When we take a closer look at the term Church, we discover that it comes from a Greek word called Ekklesia, meaning a gathering or a community.
And at the root of this term is the verb ‘kaleo,’ which means ‘to call.’
Thus, the word church literally means a ‘called community.’
You are called.
We are called.
And whether or not you were forced here or dragged here or coerced here or willingly came here – I do believe that you are in the right place – right where God wants you.
We are tasked by God to gather people together into one community.
The second leg of this stool represents the task by God for the church to equip one another to become disciples and Jesus followers.
We gather for a purpose.
It’s for more than the sake of simply getting together.
When we come together like this on a Sunday morning or for a community group or for an event, we do so in order to equip one another for the good work of God in the world.
Which then leads to the third leg of this stool: that God has tasked the church to send one another out to participate in his mission – in the great adventure of God taking place all over the world – like in the Tenderloin, at Casa, in Calcutta and beyond!
When the church lives into these tasks in a faithful way, we then receive the privilege of becoming the footstool, the vessel by which God redeems the world.
None of these tasks are any more equal or important or systematically ordered in the church than these legs are for this stool.
Each task is important and necessary in and of itself for the work of every church, including Hillside Church.
So let’s dive headfirst into this and explore each of these tasks together, beginning with our task: to gather.
When you observe our world, what do you see?
Or perhaps a better question would be: what do you hear?
Any NPR listeners?
Any fellow dorks at Hillside?
I love NPR, and I’m not ashamed.
One, however, only needs to listen to NPR for a few moments – or read the newspaper – or watch the news – or talk to a friend – or come out of your cave – to realize that our world is not as it should be.
Deep down, all of us can sense that something is awry our world.
There are Wars, Dictatorial regimes, Oppression, Genocide, Famine.
Our world is a broken place.
But brokenness doesn’t merely exist somewhere out there… in Egypt or Libya or Syria or in the famines of Somalia.
Rather, it smashes right through our front door.
And it’s personal.
The brokenness of our world extends far beyond governments out there on othercontinents or disasters that happen in otherparts of the world.
We encounter it in such things like divorce, disease, depression, anxiety, addiction… you name it.
Moreover, it can seem like our brokenness and these things imprisons us.
It can feel like the mistakes of our past or the victimization bestowed upon us by others takes away our freedom.
You may have not ever experienced the plight of a dictator, but we know what the emotions of a broken friendship feels like, don’t we?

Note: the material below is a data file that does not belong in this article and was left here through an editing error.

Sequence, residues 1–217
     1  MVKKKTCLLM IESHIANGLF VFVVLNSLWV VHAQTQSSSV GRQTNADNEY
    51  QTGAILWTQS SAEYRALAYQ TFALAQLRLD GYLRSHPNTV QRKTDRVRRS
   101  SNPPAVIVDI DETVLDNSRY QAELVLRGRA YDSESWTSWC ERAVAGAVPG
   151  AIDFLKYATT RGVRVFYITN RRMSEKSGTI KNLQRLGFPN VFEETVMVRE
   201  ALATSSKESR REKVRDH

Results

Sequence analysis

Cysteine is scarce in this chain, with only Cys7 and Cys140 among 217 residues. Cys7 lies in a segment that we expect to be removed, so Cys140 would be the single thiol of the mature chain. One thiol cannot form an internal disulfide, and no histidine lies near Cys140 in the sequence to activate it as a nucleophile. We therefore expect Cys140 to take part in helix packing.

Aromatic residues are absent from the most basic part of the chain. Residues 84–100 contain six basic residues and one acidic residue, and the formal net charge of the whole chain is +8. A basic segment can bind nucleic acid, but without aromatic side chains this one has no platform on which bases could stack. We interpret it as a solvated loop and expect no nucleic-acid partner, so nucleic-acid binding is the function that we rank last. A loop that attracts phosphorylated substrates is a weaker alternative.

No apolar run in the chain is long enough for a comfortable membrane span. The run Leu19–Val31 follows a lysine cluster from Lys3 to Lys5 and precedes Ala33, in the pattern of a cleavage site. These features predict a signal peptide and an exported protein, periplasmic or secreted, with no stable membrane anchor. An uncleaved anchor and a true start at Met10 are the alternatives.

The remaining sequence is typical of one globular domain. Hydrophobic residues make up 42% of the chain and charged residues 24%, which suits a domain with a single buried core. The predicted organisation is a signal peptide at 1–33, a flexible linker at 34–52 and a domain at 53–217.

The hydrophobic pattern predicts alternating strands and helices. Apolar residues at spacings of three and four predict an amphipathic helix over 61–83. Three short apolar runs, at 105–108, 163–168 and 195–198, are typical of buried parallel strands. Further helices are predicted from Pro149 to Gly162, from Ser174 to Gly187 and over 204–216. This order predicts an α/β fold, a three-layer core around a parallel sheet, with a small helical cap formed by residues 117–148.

Or the emotions of a lost loved one?
We don’t need a test drive.
We’re all very well acquainted with these emotions, aren’t we?
Yet in the midst of our broken world and broken lives, the grace and mercy of God calls a group of people, the Church, to gather in unity and love and peace with one another.
Ephesians 4:2-6 states, “Be completely humble and gentle; be patient, bearing with one another in love.
Make every effort to keep the unity of the Spirit through the bond of peace!
There is one Body and one Spirit – just as you were called to one hope when you were called – one Lord, one faith, one baptism; one God and Father of all, who is over all and through all and in all.”
Hear what Paul does in this passage: He commands the church to live in unity, peace, and love so that the church may be a community that completely contradicts every notion of brokenness across the board, for where our sin and brokenness incites anxiety, Paul says gather in peace; where there is hate, gather in love; and, where you find division, Paul says remain united together as one.
Essentially, Paul asserts that God has tasked the church to gather together amidst the pain and brokenness of one another – of our community – and of our world in order that God may use the church – the gathered community – to make it right from the inside out.
The flipside to this coin, however, is that when we observe division and splits in churches because of conflict or malfeasance or for whatever reason, we can safely argue that these churches have misunderstood the meaning of living as a reconciled community.
Sure, conflict happens.
There’s no denying that, nor avoiding it.
But when conflict becomes the sole focal point of attention over the task of gathering in unity and reconciling with one another, then my friends, we lose the plot.
It’s a tall task, but we can do it because of one reason and one reason only: God has reconciled us and restored our relationship to him through one man, Jesus Christ –through whom God broke into our world and rescued us by sheer grace.
Paul then asserts that now you and I have that same Spirit in us.